JACKSON TOWNSHIP, OH (WOIO) - When
pulled up to an accident scene last July, they quickly realized they had a potential media firestorm on their hands.
Turns out, the victim was Devin Smith, star wide receiver of the National Champion Ohio State Buckeyes.
Chief Investigator Carl Monday looked into the accident and how it was handled by police.
Smith had been driving home from a friend's house where he spent the night, when his Pontiac Grand Am reeled out of control, striking a pole and flipping on its side.
The car was totaled. Smith escaped without injury but was badly shaken.
"It was scary," Smith told reporters shortly after the accident. "And for it to happen…I'm just blessed to be here."
Smith admitted to police he had a couple of beers around midnight, about eight hours before the crash.
Two paramedics who treated him said they smelled little or no alcohol on Smith.
But one of the responding officers, Patrolman Walter Peters wasn't convinced and put Smith through a field sobriety test.
Dash cam video obtained by 19 Action News suggests that Smith had little trouble navigating the test. Officer Peters seemed to agree, telling Smith there were only "minor problems" in his test performance.
Still, Officer Peters told Smith, "Here's the deal. I have enough to arrest your for operating a vehicle while impaired."
In his official police report, Peters appears to contradict the dash cam video, saying Smith "loses balance" and "does not follow instructions."
At the scene, he told Smith, "I know you're going to be a .08 (the legal limit.) You're probably going to be a .10 or above. Just by looking at your eyes you're at least a one."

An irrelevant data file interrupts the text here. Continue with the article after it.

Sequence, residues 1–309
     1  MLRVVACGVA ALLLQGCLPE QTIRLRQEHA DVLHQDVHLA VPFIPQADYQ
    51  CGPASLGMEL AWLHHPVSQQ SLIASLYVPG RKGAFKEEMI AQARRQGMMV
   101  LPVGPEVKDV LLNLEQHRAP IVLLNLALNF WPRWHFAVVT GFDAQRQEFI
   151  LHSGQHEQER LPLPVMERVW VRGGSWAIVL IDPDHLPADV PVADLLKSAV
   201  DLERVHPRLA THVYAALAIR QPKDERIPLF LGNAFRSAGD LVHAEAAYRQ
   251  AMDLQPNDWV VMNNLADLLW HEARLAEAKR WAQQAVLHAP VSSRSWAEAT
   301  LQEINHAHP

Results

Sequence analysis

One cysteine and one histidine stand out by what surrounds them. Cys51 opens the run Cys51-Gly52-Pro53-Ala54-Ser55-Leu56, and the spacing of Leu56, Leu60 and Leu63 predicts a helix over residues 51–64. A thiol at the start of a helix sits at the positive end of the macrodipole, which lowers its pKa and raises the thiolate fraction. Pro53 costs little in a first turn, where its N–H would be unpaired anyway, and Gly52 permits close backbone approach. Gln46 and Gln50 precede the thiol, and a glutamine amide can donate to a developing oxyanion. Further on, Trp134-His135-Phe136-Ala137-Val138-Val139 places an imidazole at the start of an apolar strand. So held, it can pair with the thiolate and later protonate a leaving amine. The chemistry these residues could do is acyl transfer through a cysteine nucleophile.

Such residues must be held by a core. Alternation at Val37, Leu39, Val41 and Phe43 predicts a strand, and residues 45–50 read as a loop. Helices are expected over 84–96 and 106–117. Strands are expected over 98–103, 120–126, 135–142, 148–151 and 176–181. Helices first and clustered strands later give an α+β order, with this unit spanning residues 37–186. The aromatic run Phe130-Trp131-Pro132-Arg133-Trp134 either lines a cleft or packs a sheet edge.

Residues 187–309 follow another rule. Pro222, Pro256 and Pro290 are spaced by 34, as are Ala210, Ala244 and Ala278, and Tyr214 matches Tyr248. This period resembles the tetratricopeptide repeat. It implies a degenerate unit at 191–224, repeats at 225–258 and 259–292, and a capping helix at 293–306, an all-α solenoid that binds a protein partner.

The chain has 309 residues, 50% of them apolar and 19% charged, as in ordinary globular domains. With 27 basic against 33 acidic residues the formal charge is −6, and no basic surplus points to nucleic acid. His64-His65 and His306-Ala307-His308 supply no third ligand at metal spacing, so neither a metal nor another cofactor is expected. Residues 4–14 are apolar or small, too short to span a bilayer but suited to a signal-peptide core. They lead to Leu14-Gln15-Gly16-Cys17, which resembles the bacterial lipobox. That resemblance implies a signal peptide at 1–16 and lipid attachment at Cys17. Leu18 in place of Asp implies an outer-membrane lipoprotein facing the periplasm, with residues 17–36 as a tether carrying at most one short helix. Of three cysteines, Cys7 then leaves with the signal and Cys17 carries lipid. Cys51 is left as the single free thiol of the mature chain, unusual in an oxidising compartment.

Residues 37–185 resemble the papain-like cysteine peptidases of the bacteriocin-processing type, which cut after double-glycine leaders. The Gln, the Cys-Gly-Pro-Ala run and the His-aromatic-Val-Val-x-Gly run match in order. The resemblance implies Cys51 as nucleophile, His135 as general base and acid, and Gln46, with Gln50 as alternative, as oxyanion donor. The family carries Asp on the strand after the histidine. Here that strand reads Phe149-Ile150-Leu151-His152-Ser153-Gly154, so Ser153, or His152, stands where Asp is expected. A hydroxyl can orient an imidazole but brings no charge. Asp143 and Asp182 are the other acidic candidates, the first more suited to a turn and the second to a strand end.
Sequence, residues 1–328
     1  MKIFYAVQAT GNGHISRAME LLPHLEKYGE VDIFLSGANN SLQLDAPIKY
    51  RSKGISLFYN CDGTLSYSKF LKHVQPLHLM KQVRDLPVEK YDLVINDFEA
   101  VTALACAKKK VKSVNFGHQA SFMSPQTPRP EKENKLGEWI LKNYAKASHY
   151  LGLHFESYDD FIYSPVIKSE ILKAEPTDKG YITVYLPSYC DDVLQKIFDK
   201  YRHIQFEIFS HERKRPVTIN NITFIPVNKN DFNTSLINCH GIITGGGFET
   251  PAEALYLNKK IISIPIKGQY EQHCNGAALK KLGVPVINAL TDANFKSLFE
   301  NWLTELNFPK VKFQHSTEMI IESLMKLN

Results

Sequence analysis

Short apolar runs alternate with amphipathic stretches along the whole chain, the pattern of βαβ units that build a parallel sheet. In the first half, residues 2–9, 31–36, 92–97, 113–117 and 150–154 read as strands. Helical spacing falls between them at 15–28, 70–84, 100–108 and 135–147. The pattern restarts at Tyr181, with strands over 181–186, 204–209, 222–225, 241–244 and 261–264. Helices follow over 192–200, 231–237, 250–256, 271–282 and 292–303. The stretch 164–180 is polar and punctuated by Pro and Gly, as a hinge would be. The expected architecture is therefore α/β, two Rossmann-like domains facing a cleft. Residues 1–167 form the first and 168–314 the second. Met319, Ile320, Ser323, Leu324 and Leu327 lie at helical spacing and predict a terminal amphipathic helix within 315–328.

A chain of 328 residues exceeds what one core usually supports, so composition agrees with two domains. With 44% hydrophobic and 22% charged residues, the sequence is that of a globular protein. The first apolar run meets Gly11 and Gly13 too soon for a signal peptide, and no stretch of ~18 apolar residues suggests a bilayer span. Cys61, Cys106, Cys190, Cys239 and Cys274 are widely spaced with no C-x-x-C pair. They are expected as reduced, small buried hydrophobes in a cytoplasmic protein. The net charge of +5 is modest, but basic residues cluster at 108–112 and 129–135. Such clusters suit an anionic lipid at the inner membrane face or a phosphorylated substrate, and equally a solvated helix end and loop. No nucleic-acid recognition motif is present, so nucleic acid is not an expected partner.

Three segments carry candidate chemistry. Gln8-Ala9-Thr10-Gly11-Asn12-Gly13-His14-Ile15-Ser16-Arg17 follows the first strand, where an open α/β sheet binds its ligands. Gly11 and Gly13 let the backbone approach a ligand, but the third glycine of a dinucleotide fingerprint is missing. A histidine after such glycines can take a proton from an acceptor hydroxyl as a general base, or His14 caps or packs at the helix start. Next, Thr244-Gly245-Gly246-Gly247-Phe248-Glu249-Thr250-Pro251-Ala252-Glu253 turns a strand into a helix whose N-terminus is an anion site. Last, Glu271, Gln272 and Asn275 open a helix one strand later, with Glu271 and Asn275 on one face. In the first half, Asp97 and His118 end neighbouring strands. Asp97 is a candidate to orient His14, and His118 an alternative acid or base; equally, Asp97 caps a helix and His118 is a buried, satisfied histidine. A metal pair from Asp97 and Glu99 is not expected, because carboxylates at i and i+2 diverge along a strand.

With that, Officer Peters arrested Smith for O.V.I.
At the hospital, Peters encourages Smith to take a blood alcohol test, a test he's convinced will prove Smith is over the limit.
"I'm confident enough after 17 years, when we get to court, I'll win," said Peters.
But ten days later when the test came back, it showed Smith's blood alcohol level was only .02 percent. In other words, nearly four times BELOW the legal limit. For a man Smith's size, that's the equivalent of one or two beers.
"In this case, Officer Peters got it wrong," his boss and Chief Mark Brink said.
"At the end of the day, I think we did the right thing by Devin Smith. I don't like the way we got there. I do believe there were some mistakes made," says Brink.
For one thing, Chief Brink concedes that Officer Peters failed to consider that Smith had just escaped a bad accident. Smith was groggy, but as it turns out, not drunk.
O.V.I. charges were dropped against Smith.
As for Officer Peters, he was ordered to undergo retraining.
New procedures for drunk driving arrests have been put into place at the Jackson Township Police Department.
19 Action News requested an interview with Officer Peters. That request was denied.
We reached out to Devin Smith's family. His mom said they would have no comment for this story.
Click here to read a "letter of training" detailing the incident and the concerns it raised.